About the Book
-Painter of the new landscape
Janne Parviainen has created a personal painting technique, that
reflects the urban and technology centered life of today.
His most common subjects are city environments and nature landscapes.
Parviainen paints on old, used windows with his mixed technique that
involves oil colour, metal leaves and permanent markers.
Working on both sides of the glass, he can produce a very strong
feeling of depth and space into his paintings.
As a historical element, the old window panes create an story of their
own; life has been observed through the windows countless times
before, in their previous use. The metal leaves presenting the sky,
with their luminosity and reflections, emphasize the paintings
technology-influenced appearance and so on distract it from the traditional nature
On paintings of Janne Parviainen the train yard represents the city
and its' emotional concept. For todays city person, Finnish national
landscape is no longer a top-of-the-hill view opening to a summery
lake, but an constructed urban view, place where you can associate
with your history, actions and memories. Even the shadiest of
environment can be seen beautiful if you have warm memories
surrounding it. You don't see an ugly bus stop, you see a place where
you sat with your first love.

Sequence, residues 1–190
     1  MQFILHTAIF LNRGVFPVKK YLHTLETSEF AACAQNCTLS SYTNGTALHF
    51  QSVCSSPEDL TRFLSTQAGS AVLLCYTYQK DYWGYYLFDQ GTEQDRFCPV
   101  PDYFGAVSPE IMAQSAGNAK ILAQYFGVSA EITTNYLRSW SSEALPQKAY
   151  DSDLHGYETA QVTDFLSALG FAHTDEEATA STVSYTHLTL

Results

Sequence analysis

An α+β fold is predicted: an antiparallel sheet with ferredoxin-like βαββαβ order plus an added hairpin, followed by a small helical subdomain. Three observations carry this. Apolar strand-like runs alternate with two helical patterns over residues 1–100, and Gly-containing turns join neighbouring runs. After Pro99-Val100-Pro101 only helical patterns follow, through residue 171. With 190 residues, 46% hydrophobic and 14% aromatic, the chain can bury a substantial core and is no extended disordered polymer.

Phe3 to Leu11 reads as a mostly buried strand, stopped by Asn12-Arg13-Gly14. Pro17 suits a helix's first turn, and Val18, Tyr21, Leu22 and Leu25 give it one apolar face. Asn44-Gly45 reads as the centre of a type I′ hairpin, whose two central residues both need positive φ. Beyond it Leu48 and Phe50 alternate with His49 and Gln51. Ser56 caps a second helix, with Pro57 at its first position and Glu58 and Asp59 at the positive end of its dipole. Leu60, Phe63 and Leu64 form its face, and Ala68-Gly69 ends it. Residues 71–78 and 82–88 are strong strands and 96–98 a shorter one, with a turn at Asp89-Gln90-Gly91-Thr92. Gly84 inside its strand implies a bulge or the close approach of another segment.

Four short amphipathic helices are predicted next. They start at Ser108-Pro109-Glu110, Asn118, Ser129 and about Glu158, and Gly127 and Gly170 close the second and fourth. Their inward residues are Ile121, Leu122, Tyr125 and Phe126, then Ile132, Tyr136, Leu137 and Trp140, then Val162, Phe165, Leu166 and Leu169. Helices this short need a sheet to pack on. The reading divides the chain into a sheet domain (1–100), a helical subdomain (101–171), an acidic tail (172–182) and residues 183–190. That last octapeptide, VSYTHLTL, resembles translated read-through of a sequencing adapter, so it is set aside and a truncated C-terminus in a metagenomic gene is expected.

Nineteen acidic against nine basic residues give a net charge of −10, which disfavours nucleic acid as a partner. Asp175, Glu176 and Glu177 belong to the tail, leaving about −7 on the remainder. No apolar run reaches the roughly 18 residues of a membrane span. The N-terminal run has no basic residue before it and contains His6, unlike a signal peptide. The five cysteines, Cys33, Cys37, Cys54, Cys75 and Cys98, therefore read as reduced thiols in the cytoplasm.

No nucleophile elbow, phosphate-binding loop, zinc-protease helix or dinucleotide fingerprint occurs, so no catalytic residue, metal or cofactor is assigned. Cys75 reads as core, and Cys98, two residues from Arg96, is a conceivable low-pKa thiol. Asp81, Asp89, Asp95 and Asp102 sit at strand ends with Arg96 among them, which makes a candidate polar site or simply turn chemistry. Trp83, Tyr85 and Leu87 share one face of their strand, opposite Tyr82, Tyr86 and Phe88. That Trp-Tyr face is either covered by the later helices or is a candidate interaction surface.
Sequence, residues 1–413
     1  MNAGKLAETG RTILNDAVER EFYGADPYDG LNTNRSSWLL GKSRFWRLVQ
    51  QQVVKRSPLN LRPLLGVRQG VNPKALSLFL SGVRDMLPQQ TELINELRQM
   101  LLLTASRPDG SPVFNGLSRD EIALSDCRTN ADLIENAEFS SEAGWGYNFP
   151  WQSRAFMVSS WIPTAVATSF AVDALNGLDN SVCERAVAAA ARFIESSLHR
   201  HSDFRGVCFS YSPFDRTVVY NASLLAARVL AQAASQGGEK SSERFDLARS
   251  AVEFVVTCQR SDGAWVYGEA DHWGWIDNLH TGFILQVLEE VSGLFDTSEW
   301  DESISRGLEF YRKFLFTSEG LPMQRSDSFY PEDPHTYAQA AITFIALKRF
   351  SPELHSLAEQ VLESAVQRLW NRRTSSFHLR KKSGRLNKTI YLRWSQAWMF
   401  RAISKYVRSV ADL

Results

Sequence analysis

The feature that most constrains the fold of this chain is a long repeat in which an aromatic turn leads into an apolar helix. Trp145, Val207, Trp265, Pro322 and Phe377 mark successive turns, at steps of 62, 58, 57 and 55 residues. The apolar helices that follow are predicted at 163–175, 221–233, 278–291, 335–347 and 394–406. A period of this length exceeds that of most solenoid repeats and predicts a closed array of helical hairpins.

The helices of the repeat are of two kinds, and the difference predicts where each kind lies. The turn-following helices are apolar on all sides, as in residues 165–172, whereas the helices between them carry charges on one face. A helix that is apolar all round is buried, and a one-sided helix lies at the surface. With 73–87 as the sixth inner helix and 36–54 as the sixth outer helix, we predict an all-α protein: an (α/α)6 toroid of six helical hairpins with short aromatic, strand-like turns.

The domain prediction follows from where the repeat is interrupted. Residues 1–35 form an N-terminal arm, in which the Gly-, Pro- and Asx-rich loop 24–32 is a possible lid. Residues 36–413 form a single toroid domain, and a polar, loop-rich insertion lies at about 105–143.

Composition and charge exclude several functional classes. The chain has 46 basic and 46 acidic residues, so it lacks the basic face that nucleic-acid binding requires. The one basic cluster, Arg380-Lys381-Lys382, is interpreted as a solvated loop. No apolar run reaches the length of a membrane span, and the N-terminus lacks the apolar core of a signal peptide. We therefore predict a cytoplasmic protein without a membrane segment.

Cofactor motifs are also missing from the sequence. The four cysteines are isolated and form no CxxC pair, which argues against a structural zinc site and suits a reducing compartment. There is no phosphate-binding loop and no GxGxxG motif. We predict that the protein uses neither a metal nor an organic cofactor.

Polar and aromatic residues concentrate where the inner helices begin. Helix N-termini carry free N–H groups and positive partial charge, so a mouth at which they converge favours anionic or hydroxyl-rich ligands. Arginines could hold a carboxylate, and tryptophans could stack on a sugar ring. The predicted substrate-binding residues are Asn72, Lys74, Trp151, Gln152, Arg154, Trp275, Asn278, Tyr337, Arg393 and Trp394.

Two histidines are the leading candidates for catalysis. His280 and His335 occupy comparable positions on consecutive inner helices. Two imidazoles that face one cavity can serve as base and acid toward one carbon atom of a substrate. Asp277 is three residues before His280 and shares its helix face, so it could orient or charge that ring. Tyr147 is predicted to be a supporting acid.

The view of the painting reaches the train yard from distance, like as
an snapshot through a window. The wiewer of the painting can only
assume the presence of people, they are not visible. The Train yard is presented
as self-indulgent and process-like.
The Train yard is always on the move, freights are coming and going.
Through the rails opens a connection to the entire world. Graffitis
and logos that appear on paintings, bring to the picture an immaterial
message, that freight trains and containers are transporting.
On the nature paintings of Janne Parviainen the feeling of
self-sufficient space is similar as in his urban subjects.
Rugged, untamed forest and riverside views are shaped by nature,
totally unaffected by human hand.
The view of the painting focuses on long branches of trees reaching
against the sky, while at the same time, trying to see even deeper
into the forest. The nature view can also be interpreted as a state of
mind, an inner feeling. The space, silence and stillness in the
painting create a sanctuary for the mind; a place where you can rest